Mr John Marshall - Consultant Otolaryngologist
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When we swallow, a series of reflexes pushes the food or fluid from the back of our mouth down through the pharynx (throat) and oesophagus to the stomach. To help this process we have several safety mechanisms to stop anything going down 'the wrong way' into our windpipe and lungs. For this reason our swallowing mechanism is more complex than it would otherwise need to be.
Swallowing difficulties (also called Dysphagia) can arise from physical obstruction to the swallowing pathway or from alteration of the coordination of the swallowing mechanism. Sometimes muscle spasms can affect the process. Commonly people become aware of abnormal sensations in the throat but swallowing itself is not affected. Sometimes food and fluid go down normally but swallowing is painful.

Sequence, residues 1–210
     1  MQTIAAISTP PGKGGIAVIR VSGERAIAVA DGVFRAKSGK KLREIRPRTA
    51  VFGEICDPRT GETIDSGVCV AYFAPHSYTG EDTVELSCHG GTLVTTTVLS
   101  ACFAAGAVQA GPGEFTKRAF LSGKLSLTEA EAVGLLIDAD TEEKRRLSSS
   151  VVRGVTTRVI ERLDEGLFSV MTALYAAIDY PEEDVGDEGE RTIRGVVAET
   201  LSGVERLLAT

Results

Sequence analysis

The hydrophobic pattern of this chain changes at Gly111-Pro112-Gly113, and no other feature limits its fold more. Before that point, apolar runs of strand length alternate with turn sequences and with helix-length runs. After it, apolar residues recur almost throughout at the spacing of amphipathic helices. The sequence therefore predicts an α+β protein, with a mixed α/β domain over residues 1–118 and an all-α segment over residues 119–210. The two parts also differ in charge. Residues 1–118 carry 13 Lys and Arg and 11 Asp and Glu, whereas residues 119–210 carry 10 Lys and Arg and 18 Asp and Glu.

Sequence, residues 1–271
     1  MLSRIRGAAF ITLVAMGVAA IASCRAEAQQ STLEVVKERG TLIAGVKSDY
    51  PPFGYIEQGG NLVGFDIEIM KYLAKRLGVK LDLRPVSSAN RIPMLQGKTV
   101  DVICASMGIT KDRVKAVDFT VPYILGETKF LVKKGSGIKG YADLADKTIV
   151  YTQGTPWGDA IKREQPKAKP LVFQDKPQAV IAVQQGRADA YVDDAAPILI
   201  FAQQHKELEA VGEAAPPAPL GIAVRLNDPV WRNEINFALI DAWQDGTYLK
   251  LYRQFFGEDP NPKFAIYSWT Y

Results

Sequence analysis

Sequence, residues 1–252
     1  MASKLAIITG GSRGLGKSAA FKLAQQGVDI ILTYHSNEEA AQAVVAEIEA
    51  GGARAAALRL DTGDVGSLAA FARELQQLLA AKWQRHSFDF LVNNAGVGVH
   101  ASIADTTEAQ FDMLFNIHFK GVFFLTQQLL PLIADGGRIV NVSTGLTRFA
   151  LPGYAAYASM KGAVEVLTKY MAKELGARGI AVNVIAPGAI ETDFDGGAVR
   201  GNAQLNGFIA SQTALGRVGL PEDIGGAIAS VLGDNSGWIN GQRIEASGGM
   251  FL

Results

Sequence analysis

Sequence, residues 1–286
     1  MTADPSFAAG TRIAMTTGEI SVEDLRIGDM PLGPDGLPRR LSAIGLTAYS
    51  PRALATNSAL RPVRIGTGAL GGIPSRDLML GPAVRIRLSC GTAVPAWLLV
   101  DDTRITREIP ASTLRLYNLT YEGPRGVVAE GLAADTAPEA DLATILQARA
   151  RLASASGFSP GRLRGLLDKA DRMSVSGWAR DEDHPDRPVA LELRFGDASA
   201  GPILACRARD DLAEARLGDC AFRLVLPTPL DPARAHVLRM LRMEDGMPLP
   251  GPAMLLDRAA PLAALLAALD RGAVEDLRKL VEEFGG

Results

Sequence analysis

Swallowing difficulties can be the sign of serious underlying problems and you should contact your GP if you are affected. Depending on your actual symptoms an urgent ENT or gastroenterology opinion may be sought.
If you would like to arrange an appointment to discuss your symptoms further, please do so via using one of the available options on our contact us page